"If you infiltrate and try to hurt my family, I will murder you violently," says Charlie Sheen.
"... In the 'info war' ..." helpfully adds Alex Jones, the radio host on whose show he was speaking.
"In the 'info war'," says Charlie.
And the info wars must indeed be a dangerous place, not necessarily in the way of a physical threat, but in the loss of control and influence over public opinion, which can lead to a loss of real power. That Charlie Sheen is so offhandedly aware of the concept of releasing true or false information to the media about his life or the lives of people who have fallen out of favor with him reminds us of how pervasive this information peddling must be.
With the cult of celebrity, perhaps the only real danger is the threat of damage to the psyches of those involved, or to their kids, who film them eating Wendy's while incredibly drunk. A Daily Kos post by Happy Rockefeller about the recent tearing back of the flesh of the media that has revealed the very real propaganda that makes up much of its sinew and tissue -- the result of the work of WikiLeaks, Anonymous, mainstream media stories about the Koch Brothers, prank calls by alt-weekly editors to state governors and the like -- worries that it poses a real threat to social stability and the well-being of the general public.
Consider the union; are they generally beneficial or generally detrimental to society. Do unions keep lazy teachers in their jobs, effectively threatening our children's educations, leading to a diminished skilled labor pool and ultimately dragging down the future economy? Or are unions a necessity in promoting the rights of individual workers from exploitative employers by forcing them to bargain collectively?
This is not an issue that has a quick answer, chiefly because unions are both of those things and more. We still crave a quick and easy answer, though, since we have lives and all but would still like to have an opinion on any given matter. The Daily Kos points out that some people are ready to give you your quick and easy answer, via Twitter or Facebook.
Rockefeller covers some e-mails from HB Gary, the security and intelligence firm with federal government contracts whose emails were stolen and published by Anonymous after that group of hacktivists learned the company was investigating it. Of particular importance is a reference to "persona management" software, which HB Gary suggests using to influence public opinion.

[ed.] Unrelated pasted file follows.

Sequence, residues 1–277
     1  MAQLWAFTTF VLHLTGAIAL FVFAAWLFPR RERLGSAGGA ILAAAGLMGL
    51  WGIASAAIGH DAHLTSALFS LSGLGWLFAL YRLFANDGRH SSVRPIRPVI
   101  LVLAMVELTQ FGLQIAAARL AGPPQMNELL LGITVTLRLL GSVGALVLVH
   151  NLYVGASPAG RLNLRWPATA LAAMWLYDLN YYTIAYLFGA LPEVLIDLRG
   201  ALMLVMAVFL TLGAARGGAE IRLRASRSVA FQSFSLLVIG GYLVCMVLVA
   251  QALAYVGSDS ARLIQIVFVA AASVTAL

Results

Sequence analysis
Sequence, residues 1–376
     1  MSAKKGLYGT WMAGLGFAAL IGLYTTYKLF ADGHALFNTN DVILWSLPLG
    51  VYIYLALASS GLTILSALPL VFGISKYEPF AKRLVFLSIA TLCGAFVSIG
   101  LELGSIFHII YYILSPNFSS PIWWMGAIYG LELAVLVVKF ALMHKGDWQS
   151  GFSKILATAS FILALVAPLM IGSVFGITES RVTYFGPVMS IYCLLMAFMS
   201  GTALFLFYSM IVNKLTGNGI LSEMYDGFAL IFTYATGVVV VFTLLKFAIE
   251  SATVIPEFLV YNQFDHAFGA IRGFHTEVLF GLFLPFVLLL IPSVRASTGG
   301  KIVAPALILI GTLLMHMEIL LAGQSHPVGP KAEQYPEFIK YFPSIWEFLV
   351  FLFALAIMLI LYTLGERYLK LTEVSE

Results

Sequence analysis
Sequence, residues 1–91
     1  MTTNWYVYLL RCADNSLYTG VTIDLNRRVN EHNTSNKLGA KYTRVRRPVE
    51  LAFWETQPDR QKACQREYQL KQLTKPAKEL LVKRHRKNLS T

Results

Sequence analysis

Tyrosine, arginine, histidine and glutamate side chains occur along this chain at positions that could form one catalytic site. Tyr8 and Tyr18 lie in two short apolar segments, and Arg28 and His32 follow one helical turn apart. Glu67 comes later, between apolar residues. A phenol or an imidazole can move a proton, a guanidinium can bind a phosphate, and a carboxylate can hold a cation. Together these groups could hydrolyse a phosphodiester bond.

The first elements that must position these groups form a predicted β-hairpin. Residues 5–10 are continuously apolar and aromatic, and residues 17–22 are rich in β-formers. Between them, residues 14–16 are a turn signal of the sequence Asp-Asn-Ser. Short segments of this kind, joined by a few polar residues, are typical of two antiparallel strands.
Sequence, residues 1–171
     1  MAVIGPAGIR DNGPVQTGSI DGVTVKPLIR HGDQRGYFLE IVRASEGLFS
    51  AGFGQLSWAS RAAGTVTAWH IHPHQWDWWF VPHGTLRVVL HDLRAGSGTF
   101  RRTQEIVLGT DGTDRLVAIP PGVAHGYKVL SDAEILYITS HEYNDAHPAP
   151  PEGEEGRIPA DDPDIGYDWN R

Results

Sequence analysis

This software -- Fox News reports the federal government is offering contracts for the development of persona management software, but the HB Gary documents make it seem that it already exists -- could be used to generate fake online identities, complete with Facebook, Twitter and Linked In accounts, subscriptions to RSS feeds and automated abilities to contribute content like retweets and status updates, everything that makes a fake person essentially indistinguishable from a real person online. A single operator can manage up to 10 personas, so a team of five can deploy 50 people on the Web.
The whole purpose of this, Rockefeller points out, is to influence public opinion via the bandwagon technique. Remember the union question? That desire for a quick and pat route to what we'll come to think of as our own opinion on the subject can be gotten in places like Twitter. And under the bandwagon technique a tweet that shows support for union labor is trumped by 50 replies that suggest unions are bad for America. We like to be on the winning team, generally, so we may be swayed by the 50:1 ratio against the concept of unions, which germinates into personal opinion, which may be disseminated in to others throughout one's lifetime. All this without any real information.
Via persona management software, only five of those 50 people actually exist and each of those five are paid to express those opinions online.